The lie rests within the claim that the bio mass absorbs during its own lifetime as much CO2 as it emits when burnt, such that it is CO2 neutral. That may apply to the planting of a new forest (ie., to forest land which before was simply barren land), but it is not applicable when you cut down a forest and replace an existing forest with a new forest. The old forest was already absorbing CO2 and would have continued to do so, if it had not been cut down. Accordingly, cutting down the old forest and replanting it so it grows back does not change the CO2 budget at all. Nature has, of course, already solved so many ‘problems’. If the government is truly concenrned about CO2 emissions and will not sanction new coal or gas powered generators without CCS, the simplest solution is to build a conventionally fueled generator (or keep an existing conventional fueld generator in service) and plant a new forest, ie., plant a forest on what is presently simply scrub land.
I believe that this ‘falsehood’ was based upon the assumption that young trees grow faster and therefore absorb more CO2. That assumption has always surprised me given the volume of a cylinder (such that a small increase in girth of an established tree involves more mass than a large increase in girth of a young sappling) and the canopy area of an established tree is far larger.(with presumably correspondingly more leaves). Recently, I saw a paper (unfortunately I have not got the reference) in which the CO2 absorption of young and old trees was compared and the conclusion of that paper was that old trees absorb just as much if not more CO2 than young trees.
The upshot of this is the point you make with India. It would reduce emissions in India, if they were to electrify and build conventional power generators such that wood burning stoves for cooking and heating were no longer necessary or used. It is ironic that providing poorer countries with conventionally powered generation would in fact be ‘green’ in the sense that there would be less CO2 and modern designed generators are far cleaner pollutionwise to open burning of wood.
I bet Australians would have liked to have seen the data and your analysis before the implication of their much hated carbon tax. The government would have had a hard time selling it to the public if that data had been widespread news in their MSM. It does show how ‘dishonest’ government are since I suspect that the government new that Australia was not a net emitter of CO2, even if they dod not know how big a sink it is. .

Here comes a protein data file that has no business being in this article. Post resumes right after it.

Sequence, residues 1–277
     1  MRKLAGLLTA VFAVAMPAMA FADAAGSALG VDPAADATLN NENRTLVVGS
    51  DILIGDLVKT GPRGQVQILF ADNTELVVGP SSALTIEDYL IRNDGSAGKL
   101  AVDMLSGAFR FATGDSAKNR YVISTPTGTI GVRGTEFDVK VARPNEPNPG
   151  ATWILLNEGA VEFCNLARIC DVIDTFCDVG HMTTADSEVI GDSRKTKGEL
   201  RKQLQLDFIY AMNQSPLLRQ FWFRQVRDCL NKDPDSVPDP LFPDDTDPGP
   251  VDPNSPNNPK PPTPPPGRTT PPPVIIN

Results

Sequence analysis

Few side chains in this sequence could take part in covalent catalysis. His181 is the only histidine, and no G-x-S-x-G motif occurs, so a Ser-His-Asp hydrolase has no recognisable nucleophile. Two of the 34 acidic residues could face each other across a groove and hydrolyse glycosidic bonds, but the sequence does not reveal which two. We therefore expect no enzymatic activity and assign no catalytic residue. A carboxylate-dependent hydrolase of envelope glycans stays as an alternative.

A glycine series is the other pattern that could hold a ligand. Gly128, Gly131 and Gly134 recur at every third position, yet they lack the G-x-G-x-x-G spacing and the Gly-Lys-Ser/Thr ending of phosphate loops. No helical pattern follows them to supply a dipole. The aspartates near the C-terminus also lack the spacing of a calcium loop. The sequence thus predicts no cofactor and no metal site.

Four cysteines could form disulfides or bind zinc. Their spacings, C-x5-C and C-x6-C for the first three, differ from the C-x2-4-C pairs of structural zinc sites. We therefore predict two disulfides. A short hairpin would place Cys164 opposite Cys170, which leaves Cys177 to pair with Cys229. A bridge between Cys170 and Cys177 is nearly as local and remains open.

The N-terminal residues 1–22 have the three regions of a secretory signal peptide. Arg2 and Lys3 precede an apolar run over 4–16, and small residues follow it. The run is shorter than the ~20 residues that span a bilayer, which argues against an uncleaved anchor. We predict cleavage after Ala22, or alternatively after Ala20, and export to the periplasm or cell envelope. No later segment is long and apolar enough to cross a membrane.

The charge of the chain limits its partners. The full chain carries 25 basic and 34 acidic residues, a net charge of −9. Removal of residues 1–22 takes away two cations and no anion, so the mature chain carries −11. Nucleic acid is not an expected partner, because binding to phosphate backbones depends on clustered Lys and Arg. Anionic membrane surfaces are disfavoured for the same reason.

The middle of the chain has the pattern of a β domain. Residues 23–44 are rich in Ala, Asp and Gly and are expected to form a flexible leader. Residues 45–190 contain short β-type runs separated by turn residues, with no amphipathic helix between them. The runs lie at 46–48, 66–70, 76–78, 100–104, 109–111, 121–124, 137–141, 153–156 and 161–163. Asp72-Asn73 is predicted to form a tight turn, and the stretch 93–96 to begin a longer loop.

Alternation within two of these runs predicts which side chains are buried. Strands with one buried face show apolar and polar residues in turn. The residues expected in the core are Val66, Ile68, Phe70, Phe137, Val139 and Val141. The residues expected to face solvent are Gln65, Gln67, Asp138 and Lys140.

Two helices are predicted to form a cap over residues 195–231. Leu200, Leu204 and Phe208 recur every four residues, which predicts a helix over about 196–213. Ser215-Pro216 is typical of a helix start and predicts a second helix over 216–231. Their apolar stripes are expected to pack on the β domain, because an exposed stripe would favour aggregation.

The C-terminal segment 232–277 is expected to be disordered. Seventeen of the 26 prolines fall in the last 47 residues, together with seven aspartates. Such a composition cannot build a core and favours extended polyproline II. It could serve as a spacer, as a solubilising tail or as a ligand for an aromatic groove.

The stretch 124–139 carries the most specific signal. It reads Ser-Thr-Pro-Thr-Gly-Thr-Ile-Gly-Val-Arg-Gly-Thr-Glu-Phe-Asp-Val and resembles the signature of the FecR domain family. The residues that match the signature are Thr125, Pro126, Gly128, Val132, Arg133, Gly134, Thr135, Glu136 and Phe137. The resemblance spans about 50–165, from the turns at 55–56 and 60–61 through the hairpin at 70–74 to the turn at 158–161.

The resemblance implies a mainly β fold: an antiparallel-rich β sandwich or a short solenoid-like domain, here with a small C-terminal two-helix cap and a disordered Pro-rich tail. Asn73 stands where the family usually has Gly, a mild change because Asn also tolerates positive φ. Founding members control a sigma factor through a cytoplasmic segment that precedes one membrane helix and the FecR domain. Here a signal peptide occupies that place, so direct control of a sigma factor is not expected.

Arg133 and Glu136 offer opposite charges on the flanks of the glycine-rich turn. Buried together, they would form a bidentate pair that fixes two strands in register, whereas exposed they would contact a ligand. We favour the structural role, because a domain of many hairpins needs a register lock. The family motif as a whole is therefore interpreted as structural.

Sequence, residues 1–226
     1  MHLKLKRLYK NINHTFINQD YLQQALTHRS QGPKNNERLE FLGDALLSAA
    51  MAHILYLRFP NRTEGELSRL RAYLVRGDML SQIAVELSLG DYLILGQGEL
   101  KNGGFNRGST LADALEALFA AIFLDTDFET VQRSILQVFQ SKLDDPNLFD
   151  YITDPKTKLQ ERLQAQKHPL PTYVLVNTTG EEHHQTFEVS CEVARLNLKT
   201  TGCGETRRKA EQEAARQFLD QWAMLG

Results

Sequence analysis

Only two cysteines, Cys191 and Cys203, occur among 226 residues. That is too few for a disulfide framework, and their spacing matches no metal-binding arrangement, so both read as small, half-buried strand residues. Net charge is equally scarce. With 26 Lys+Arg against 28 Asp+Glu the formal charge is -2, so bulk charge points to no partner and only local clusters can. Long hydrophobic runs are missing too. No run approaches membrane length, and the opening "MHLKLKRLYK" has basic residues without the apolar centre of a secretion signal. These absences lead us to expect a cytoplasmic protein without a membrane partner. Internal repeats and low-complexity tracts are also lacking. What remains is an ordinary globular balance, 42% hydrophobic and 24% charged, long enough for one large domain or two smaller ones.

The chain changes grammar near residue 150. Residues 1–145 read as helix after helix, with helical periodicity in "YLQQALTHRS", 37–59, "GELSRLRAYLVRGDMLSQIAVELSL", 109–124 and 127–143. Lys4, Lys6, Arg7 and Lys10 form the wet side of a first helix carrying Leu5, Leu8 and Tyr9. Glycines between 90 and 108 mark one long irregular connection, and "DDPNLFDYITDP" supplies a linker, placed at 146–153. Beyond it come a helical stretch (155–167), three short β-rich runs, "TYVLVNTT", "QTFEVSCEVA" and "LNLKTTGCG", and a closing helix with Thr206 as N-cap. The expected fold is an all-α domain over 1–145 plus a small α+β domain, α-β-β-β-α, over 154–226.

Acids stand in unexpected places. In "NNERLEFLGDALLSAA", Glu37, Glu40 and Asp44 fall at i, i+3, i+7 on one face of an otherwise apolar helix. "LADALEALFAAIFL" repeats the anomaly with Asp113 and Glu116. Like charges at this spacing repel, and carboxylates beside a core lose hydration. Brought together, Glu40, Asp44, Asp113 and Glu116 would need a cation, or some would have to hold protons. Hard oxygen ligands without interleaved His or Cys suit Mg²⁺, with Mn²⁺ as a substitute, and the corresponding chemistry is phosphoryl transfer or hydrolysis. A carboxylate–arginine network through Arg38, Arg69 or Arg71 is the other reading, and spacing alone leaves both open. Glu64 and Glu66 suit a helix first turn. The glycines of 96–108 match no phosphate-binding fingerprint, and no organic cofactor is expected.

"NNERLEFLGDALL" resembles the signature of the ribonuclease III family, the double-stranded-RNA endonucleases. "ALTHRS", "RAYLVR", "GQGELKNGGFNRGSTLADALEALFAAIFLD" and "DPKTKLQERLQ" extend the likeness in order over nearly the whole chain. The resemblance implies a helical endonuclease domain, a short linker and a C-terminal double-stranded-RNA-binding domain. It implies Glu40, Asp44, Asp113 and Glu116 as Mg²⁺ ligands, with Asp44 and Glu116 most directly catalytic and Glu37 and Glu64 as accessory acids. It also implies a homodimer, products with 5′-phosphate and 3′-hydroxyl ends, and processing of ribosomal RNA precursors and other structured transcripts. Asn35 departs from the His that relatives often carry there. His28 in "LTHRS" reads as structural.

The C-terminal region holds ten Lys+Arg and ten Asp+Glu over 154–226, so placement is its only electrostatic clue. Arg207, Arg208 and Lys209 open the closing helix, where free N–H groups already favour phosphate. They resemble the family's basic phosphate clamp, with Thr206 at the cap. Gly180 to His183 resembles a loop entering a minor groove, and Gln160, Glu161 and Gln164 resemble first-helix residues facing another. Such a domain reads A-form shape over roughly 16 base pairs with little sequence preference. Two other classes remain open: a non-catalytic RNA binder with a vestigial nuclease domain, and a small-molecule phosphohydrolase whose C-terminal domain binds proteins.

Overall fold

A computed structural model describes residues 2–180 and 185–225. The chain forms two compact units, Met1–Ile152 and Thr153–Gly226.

Dr Burns

“First, it appears to be pretty accurate. For example, if you look at the lower right part of Australia, you can see the two big cities of Sydney and Melbourne as red dots in the sea of blue.”
I don’t think so. Sydney is more than a dot now. Compare Darwin to the East coast of Australia.
http://www.mapsofworld.com/australia/population.html

Raving

Etna in Italy emits a lot of volcanic CO2. Are volcanic emissions filtered out of the reported results?
The ref to M. Burton (INIGV?) in the livescience article doesnt seem to be available. Not sure if that is significant
http://www.livescience.com/40451-volcanic-co2-levels-are-staggering.html?utm_source=feedburner&utm_medium=feed&utm_campaign=Feed%3A+Livesciencecom+%28LiveScience.com+Science+Headline+Feed%29

cynical scientst

You would think New Zealand would be able to congratulate itself on being a net Carbon sequesterer. But no. Apparently our cows belch and fart so much that the inclusion of methane puts us back among the ranks of the sinful. I woud have thought all those drained swamps and wetlands converted to productive farmland would have counted as positive in terms of cutting methane emissions. But apparently no. Of coyurse that doesn’t stop the Greens from also blaming us for destruction of wetlands.

Steve from Wingham

Is the red path in the Northern territory of Australia related to scrub fires?

bobl